Man with cloth cap and question mark

How familiar are you with the silhouette?

If you’ve seen me cut a silhouette, you’re probably more familiar with this shadowy art than most. But how much do you really know about them?

My question today is more about silhouette imagery, as used in advertisements, illustrations and popular art, than about the craft I practice. It’s the concept, or idea of a silhouette which interests me.

The reason I’m asking is that I’ve been invited to give a TEDx talk in Norway next month. My subject will be:

The Eighteenth-century Selfie

This is (of course) what silhouettes really are.

The Eighteenth-Century Selfie

Two painted silhouettes by Mr Charles
Two silhouettes by Mr Charles, Strand, London, .1890s,
painted on card in just a few minutes while the client waited

As the title suggests, I will include some history. However, my main thesis will be about the concept of the silhouette and the ubiquitous role they play in the visual world which surrounds us. Silhouettes are everywhere: on social media, advertising hoardings, book covers, magazine illustrations, etc, etc. The interesting thing, from my perspective, is that most people never notice this. Hence my question.

To expand this thesis I need to talk a little about how most people actually see silhouettes, assuming they see them at all. By “most people” I mean people who have not spent more than half their life studying, practicing, earning a living with, and generally obsessing over silhouettes.

How do most people view the silhouette?

I’ve realised that this is actually quite a hard question for me to ponder. I’m singularly unqualified to answer it! So I’m looking for some input from you.

Do you notice the silhouettes around you in your daily life?

If so, what do you make of them? Do you think about them at all?

Our perception of silhouettes

I think the aim of my talk is to leave my audience with a new appreciation of these simple, shadowy images. Or perhaps, it’s to help them notice silhouettes for the first time. I’ll try to achieve this by speaking a little about how we all tend to perceive silhouettes and what people generally think about them.

I’ll then take my audience on a short journey back in time, introducing them to a few of my favourite historical silhouettists; my teachers, as I like to call them. I’ll discuss why silhouettes where important in the pre-photographic age and why people liked to have these “eighteenth-century selfies” made.

I will, of course, also demonstrate how to make a silhouette!

I’ll finish by talking a little about the shadowy nature of the silhouette, and why it is that designers and illustrators like to use them so much. I’ll then invite my audience to go out into the world and “spot” a few silhouettes for themselves. Most people – when I do this – are surprised by how easy it is to find them. My hope is to enable the audience to quite literally bring the silhouettes around them out of the shadows.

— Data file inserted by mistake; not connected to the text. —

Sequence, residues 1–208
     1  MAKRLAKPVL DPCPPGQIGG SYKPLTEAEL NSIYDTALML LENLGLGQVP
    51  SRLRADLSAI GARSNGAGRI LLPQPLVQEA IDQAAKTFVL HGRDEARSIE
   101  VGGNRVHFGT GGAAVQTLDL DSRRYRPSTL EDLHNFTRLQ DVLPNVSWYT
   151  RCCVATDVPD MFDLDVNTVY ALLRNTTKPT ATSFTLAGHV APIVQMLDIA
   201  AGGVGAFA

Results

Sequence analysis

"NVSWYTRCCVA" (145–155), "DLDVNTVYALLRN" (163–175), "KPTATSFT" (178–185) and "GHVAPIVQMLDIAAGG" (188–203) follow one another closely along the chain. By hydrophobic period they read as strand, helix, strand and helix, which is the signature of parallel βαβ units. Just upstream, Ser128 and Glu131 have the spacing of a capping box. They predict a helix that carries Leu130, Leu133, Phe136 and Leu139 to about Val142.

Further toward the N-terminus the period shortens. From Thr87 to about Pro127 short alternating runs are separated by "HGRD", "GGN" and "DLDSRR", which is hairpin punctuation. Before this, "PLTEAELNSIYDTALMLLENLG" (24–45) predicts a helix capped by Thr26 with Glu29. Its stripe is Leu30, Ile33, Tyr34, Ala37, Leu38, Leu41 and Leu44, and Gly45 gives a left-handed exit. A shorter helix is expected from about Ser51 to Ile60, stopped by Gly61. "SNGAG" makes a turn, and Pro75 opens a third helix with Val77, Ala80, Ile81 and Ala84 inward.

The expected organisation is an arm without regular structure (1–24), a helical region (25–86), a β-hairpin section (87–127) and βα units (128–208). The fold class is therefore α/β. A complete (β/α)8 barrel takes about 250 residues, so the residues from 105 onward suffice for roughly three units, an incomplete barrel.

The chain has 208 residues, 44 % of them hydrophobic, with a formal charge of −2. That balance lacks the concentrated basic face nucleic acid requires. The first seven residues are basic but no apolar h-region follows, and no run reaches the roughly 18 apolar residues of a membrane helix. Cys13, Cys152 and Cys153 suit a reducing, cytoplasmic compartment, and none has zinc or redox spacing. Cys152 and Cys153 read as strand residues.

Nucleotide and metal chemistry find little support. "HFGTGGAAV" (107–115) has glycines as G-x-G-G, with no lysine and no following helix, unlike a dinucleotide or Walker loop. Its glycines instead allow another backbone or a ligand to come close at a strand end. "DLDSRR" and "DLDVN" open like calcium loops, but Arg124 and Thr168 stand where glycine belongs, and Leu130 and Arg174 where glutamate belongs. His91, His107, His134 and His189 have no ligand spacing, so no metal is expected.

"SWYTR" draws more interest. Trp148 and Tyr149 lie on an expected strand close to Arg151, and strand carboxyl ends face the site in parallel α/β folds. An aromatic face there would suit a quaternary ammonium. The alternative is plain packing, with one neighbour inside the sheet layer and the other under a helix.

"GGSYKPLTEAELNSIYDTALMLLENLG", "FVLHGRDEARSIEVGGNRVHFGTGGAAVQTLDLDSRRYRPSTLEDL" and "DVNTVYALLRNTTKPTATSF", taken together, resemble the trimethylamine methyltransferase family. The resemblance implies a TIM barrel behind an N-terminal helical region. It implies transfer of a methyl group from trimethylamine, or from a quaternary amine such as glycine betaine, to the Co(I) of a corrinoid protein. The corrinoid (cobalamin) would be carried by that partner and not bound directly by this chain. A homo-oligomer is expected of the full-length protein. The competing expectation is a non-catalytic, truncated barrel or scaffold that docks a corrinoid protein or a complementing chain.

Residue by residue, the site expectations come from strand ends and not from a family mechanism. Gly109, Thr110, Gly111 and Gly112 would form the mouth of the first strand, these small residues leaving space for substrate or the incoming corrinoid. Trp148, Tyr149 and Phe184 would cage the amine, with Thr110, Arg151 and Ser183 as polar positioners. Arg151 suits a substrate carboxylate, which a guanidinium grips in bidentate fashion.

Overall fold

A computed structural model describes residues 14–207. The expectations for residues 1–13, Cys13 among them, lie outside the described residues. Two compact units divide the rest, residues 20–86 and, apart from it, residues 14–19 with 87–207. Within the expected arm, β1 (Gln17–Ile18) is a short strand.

Like all artists, what I really want is to change the way people see the world!

The TED talk program

The fundamental concept behind the TED talk program is that it’s about “ideas worth spreading”. I’ve no idea whether mine is such an idea, but I’m keen to give it a go. Do let me know your thoughts about silhouettes, however brief or humorous they may be (actually, the briefer the better). Who knows, some of your words may even find their way into a TED talk…

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Chelsea Souder
Chelsea Souder
1 year ago

I always see silhouettes as surprisingly familiar. Having co-hosted a silhouette party over Zoom where you cut the likenesses of me, my family, and my friends, it was amazing to me how each finished portrait was instantly recognizable as that person – even those who I hadn’t known very long, and even myself. It’s fair to say that I’ve never actually seen my own profile, except in photos, and I also don’t think that I have ever really studied the profiles of any except my closest family members. Yet, when you would hold up the intricately cut piece of black card, now in the shape of the outline of a person’s profile, I was honestly amazed at how familiar it looked! So I think we notice a lot of silhouettes without noticing that we noticed them.

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